In spite of increasing tensions in the Pacific, and over two years of war in Europe, the morning of December 7, 1941 found the Navy, Army, Army Air Forces and Marines at Pearl Harbor and various installations across Oahu enjoying the usual peacetime Sunday routine, with many men on liberty or pass, and others just stirring for Morning Colors.
The peace and quiet were shattered by an enormous raid by the splendidly trained carrier pilots of the Kido Butai. From just before 8am to around 9:30am, a total of 353 Japanese warplanes ravaged ships, airfields, and installations throughout the island, most famously devastating the ships of Battleship Row, gutting the heart of the Pacific Fleet. Of 390 US aircraft on the island that morning, over three hundred would be destroyed or damaged.
Two thousand and forty-two American sailors, soldiers and Marines died in the perfidious attack. Another fourteen hundred were wounded. The single largest loss of life would come with the sinking of the battleship USS Arizona early in the attack. The explosion of her magazines shattered her, sank her, and killed a stunning 1,177 sailors.
The US had a decidedly isolationist sentiment in the years leading to the attack. Even as America slowly came to rearm in the face of the European war and an expansionist Japan, there was little public support for joining the great conflagration beyond our shores.
That sentiment ended abruptly with the Japanese attack. The American people would become united in a campaign to visit vengeance, retribution and retaliation upon Japan. As Yamamoto had predicted, Japan had awakened a sleeping giant. It had sown the wind, and within three and a half years, it would reap the whirlwind.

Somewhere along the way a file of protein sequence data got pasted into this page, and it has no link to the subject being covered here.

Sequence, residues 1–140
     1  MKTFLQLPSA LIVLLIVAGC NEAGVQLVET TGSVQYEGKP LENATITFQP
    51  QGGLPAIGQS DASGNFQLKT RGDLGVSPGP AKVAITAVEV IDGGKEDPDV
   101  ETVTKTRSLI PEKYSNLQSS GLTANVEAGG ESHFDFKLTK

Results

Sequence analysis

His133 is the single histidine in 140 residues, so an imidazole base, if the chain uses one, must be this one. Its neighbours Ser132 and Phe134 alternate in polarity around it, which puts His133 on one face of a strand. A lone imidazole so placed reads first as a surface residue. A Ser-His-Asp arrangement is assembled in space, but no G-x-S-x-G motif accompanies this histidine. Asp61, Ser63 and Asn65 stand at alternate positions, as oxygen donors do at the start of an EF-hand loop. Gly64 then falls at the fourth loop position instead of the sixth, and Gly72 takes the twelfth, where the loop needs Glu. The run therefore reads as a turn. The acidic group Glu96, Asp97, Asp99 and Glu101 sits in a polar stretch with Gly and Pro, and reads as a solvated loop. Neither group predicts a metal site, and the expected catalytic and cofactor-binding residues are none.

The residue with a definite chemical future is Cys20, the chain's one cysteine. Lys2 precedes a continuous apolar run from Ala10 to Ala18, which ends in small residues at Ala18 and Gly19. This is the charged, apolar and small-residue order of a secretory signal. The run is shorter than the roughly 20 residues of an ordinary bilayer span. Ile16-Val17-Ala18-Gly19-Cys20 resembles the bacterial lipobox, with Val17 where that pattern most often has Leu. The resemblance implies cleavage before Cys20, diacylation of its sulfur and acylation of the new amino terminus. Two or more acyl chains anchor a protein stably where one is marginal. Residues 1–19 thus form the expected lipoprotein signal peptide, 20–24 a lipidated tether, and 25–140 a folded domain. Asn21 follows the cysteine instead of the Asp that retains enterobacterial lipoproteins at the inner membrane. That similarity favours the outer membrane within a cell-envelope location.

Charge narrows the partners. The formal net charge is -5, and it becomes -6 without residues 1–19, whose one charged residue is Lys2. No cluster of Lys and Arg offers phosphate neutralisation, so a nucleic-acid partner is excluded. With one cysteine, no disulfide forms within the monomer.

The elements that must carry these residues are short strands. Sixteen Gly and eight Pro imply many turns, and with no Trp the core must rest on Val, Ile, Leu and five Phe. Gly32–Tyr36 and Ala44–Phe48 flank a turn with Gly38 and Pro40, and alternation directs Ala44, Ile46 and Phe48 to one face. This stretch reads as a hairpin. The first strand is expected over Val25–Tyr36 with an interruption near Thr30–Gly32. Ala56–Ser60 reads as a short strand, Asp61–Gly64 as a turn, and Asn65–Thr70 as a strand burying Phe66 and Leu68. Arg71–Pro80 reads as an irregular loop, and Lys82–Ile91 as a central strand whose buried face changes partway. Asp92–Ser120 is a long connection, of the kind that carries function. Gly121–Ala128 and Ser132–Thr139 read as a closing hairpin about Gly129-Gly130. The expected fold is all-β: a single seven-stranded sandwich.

The USS Arizona came to symbolize the attack on Pearl Harbor. Our first major loss of the war, she went down with her colors flying, and guns firing. She was never decommissioned, and never stricken from the Naval Register. Every day, a color guard raises the colors of this still serving warship. And every day, Americans visit the memorial built across her hull, to pay tribute to those who rest the eternal rest within her shattered hull. Oil from her bunkers still slowly seeps into the waters of the harbor, as if the mighty ship weeps for the sacrifice of so many.
*Update- changed “day” to “date” in the title. I *knew* what FDR said in his address, but my fingers this morning didn’t, and Mr. Coffee wasn’t there to correct them.